Study site and species
Field observations were conducted in a coral reef protected area of approximately 100 m × 350 m (127°52' E, 26°38' N) , in front of the Tropical Biosphere Research Center, University of the Ryukyus, Sesoko Island, Okinawa, Japan, between April and October 2019. The study site was a fringing reef with a sandy bottom off the reef edge at a depth of 5 m (during high tide). The reef was species-rich with benthic animals (tubeworms, 4.8 individuals per 5 m2; boring clams, 14.5 individuals per 5 m2 ), small fishes as targets for fin-biting, and fish eggs, which are seasonal resources. All the damselfish and triggerfish species observed in this study spawned during the warm season from April to October (Table 1).
All individuals of the false cleanerfish were identified by tagging. Fish were captured using a screen net and a hand net, immediately brought back to the laboratory, anesthetized with clove oil, measured for total length, sexed by external genitalia, photographed on both sides of the body, and injected subcutaneously with fluorescent elastomer tag (Northwest Marine Technology, Shaw Island, USA). As soon as the marking was completed, they were recovered with fresh seawater and returned to the captured point.
For testing the two hypotheses, we examined the raiding behavior of the false cleanerfish against the scissors-tail sergeant, A. sexfasciatus, which was the most frequently observed in this study (see Table 1). The scissors-tail sergeant is one of the damselfishes commonly observed in the study reef . Parental male fish care eggs laid on rock surfaces until they hatch , and on Sesoko Island, egg-guarding males formed breeding colonies. During egg-guarding, they showed defensive behavior chasing all the fish that approached their nests. We used 19 cases of raiding behavior against the scissors-tail sergeant for which video data were obtained (recording time: median 52 s, range 18–201 s) to quantitatively test our hypothesis.
All field work was conducted by snorkeling. Between 07:00 and 18:00, a randomly chosen individual in the study area was tracked from behind for at least 30 min, and the following items were visually recorded on the waterproof datasheet: time spent swimming with other individuals per 30 min as a group activity; group size; the number of feeding occasions (bites on fish-fins, tubeworms, and boring clams); the number of raids on fish nests and invasion time; and the number of attacks from other fishes. The target species for egg-eating were photographed with an underwater camera (TG5 Tough; Olympus, Tokyo, Japan) to identify the species.
As for the nest-raiding behavior toward the scissors-tail sergeant, the entire bouts were captured by videos. Based on the video data, we counted the number of times the false cleanerfish were chased (as damselfish attacks), jumped into the nest of the scissors-tail sergeant, and whether it succeeded or not. We defined one "nest-raiding" event as the time from when they started targeting the eggs until they moved away from the nest, regardless of the success or failure. In the case of no eggs in the nest (3/19 bouts), the false cleanerfish had mistakenly raided the nest; however, the scissors-tail sergeant always defended their nest; therefore, we treated them as nest-raiding data. The false cleanerfish were sometimes attacked by other egg-guarding males that were not the target damselfish because the males always formed colonies (13/19 bouts). Since these attacks can also be assumed as a cost of egg-eating, they were included in the data analysis.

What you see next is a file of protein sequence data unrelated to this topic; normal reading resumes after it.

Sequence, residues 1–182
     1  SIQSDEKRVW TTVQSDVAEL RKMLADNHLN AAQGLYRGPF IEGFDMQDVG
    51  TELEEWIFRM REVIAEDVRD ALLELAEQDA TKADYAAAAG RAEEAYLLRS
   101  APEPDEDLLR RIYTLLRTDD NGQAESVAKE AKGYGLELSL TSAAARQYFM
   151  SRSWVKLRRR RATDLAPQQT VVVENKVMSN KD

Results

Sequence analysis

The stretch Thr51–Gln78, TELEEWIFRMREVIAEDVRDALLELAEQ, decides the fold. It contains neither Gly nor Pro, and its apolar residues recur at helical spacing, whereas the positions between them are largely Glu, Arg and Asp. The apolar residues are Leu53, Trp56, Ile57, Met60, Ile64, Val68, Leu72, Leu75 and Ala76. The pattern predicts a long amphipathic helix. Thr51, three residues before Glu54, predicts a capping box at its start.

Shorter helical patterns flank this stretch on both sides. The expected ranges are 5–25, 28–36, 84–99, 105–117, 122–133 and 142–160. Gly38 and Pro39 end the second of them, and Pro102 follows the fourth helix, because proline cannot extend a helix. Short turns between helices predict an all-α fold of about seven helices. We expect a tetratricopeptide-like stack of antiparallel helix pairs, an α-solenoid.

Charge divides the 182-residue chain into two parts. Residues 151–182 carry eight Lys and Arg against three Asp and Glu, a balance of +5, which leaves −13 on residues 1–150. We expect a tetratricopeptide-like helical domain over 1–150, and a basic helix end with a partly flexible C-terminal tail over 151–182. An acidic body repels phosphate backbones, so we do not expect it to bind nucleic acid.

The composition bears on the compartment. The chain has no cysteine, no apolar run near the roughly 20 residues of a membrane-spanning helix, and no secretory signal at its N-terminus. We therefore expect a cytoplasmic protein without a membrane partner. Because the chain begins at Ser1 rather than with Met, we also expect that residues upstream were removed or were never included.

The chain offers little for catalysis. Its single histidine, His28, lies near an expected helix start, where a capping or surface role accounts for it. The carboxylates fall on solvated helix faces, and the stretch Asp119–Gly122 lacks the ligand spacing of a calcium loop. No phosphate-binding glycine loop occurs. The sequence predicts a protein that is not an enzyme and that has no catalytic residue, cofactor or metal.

Non-parametric tests for statistical analyses were used, and all data characteristics were presented as medians and ranges. All the correlation analyses were performed using Spearman's rank correlation coefficient test. As group activities of individuals, we calculated the percentage of the swimming time spent with other individuals in 30 min tracking, to examine the relationship between group activity and total length. The frequency of damselfish attacks per 10 s was calculated (10 * [total number of attacks/nest-raiding time]), and the correlation with group size was analyzed from the video data. The success rate of nest invasion of the false cleanerfish was calculated (100 * [success trials/total trials]), and the correlation with group size was analyzed from the video data. All analyses were performed using the free statistical software, R ver. 4.01 (R Development Core Team, 2020) .
All procedures performed in this study followed the Guidelines for the Proper Conduct of Animal Experiments and related activities laid down by the Hiroshima University Animal Research Committee (No. 020A170410 certified on April 10th, 2017), the ASAB/ABS Guidelines for the Use of Animals in Research (Guidelines for the Treatment of Animals in Behavioral Research and Teaching; https://doi.org/10.1016/j.anbehav.2019.11.002), the Guidelines for the Use of Fishes in Research by the Ichthyological Society of Japan (http://www.fish-isj.jp/english/guidelines.html), and the Guideline for Ethological Studies by the Japan Ethological Society(http://www.ethology.jp/guideline.pdf).